“With their backs to the wall”, perceiving the world as against them, is how Norwegian author Asne Seierstad describes the Serbs. In Sunday’s parliamentary, provincial and municipal elections, moderate Serbs produced a classic ‘backs-to-the-wall’ performance.
Despite pre-election polls showing the nationalist Serb Radical Party (SRS) leading President Boris Tadic’s Democratic Party (DS) by 3 to 4 percentage points, and popular fury over the western-backed secession of Kosovo, the results ended in victory for the pro-Western bloc and a snub to outgoing Prime Minister Kostunica who many thought would be the post-election king-maker.
With a turn-out of more than 60 percent, Mr. Tadic’s Coalition for European Serbia, secured 38 percent of the vote, giving them 102 seats. Vojislav Kostunica’s Democratic Party of Serbia (DSS) held about 11.3 percent, or about 30 seats with Tomislav Nikolic’s ultra-nationalist SRS gaining 77 seats. A simple 126-seat majority in the 250-seat parliament is required to govern.
But despite the DS’s strong showing – and sings that a majority-holding, DS-led coalition is taking shape – forming a government will not be straightforward. The three nationalist parties – DSS, SPS, SRS – have a two seat majority in the parliament, probably thanks to the votes of Kosovo’s Serbs. In order for DS to form a government, it will need to bring in the national minorities and pick up at a coalition partner from the nationalist block, for example Slobodan Milosevic’s party, SPS.
The nationalists, for one, are convinced DS will fail. Mr. Nikolic said there was “a great chance” for creating a government that excluded the DS. Already, Nikolic and Kostunica are said to have reached a coalition agreement and Kostunica is meeting SPS officials later in the week. The focus on any platform will likely seek to combine the dog-whistle issue of Kosovo with a pitch for a corruption-free government.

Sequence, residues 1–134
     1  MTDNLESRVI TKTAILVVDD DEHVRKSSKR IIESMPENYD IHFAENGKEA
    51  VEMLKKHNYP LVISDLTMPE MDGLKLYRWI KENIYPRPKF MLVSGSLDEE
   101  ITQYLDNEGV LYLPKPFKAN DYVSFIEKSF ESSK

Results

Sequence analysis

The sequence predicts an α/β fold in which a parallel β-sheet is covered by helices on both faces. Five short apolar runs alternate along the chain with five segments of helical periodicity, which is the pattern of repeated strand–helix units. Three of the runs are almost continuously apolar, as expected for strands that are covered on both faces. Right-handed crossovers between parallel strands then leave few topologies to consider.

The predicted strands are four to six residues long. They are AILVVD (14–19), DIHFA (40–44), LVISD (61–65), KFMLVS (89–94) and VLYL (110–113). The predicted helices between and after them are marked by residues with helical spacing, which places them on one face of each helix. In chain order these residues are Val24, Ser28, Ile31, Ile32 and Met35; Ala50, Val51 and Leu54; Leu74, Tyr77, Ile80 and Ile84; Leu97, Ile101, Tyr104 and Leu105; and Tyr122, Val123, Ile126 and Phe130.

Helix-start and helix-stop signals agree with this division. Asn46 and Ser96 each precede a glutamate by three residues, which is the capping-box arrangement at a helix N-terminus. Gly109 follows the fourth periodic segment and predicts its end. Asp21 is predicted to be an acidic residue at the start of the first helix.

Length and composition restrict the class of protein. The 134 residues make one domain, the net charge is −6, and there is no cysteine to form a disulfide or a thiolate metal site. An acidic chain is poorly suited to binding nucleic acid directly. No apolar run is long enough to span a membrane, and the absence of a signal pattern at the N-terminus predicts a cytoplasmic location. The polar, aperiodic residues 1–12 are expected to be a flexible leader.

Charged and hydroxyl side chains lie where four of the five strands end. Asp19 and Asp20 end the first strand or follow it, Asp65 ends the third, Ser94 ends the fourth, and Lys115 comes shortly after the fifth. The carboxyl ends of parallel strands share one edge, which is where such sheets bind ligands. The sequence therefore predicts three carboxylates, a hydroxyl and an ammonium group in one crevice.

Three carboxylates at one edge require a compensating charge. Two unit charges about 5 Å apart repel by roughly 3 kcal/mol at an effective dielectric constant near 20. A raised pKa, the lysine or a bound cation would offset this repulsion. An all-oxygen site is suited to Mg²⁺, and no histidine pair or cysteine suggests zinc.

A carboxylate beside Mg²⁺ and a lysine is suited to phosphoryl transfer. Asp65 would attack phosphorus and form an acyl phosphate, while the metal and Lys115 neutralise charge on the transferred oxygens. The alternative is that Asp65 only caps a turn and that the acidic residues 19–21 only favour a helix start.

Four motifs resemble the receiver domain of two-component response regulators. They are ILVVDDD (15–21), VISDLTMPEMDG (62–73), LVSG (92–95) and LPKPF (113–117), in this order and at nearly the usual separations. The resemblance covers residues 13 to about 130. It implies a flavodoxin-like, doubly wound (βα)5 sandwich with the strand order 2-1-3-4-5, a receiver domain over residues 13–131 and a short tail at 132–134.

For SPS, run by Slobodan Milošević for more than a decade, the results are a welcome return to prominence after years in the wilderness. But which way will the party jump? SPS shares more with DSS and SRS, especially on Kosovo. Moreover, a deal with Kostunica and Nikolic will likely allow SPS to gain more ministerial posts than a coalition with DS and its partners. But on the other hand, a pro-European coalition with DS could bring with it the kind of rehabilitation experienced by Franjo Tudjman’s nationalist HDZ in Croatia, which is now hailed as the country’s European motor.
During the election, the European Union does appear to have helped the moderates. The signing of the Stabilization and Association Agreement (SAA) – and a subsequent deal between Fiat and the Zastava car factory, an object of enormous national pride – probably helped tip the balance.
Many commentators had thought it would be best for the EU to keep a low profile in the elections given the likelihood that the bloc’s involvement could back-fire. Nobody likes outsiders telling them what to do and the EU’s role in the Presidential elections was seen by many as problematic. The respected think-tank ICG went so far as to argue that the EU should “stop intervening directly in support of one or another political force.”
However, in this case the fears turned out to be exaggerated. The EU now needs to build on the success of the moderate parties and make clear how it intends to help further. Before the elections, the EU agreed to ease travel restrictions for Serbs to many EU countries of the member states. But that will take months if not years, as Serbia first needs to meet strict EU standards on border controls, the fight against crime and issuing new forgery-proof passports.
The EU should publicly explain how it will support these projects – putting headline-grabbing figures on the aid to be offered – and, more generally, how it will assist a new pro-European coalition. The aim should probably be to persuade the SPS to join the DS and the smaller parties in government with the prospect of quickening the pace of European integration.
Even though this election was said to determine Serbia’s European future, the results mean that the process of forging closer Serbia-EU ties cannot yet begin. Only if a moderate coalition is be cobbled together can it really begin. And even if that happens, a number of obstacles will still have to be cleared, including over Kosovo’s status and Belgrade’s non-compliance with The Hague Tribunal. But the EU should do what it can to help the DS form a government so the direction of travel, at least for the next few years, is assured.
The European Council on Foreign Relations does not take collective positions. ECFR publications only represent the views of its individual authors.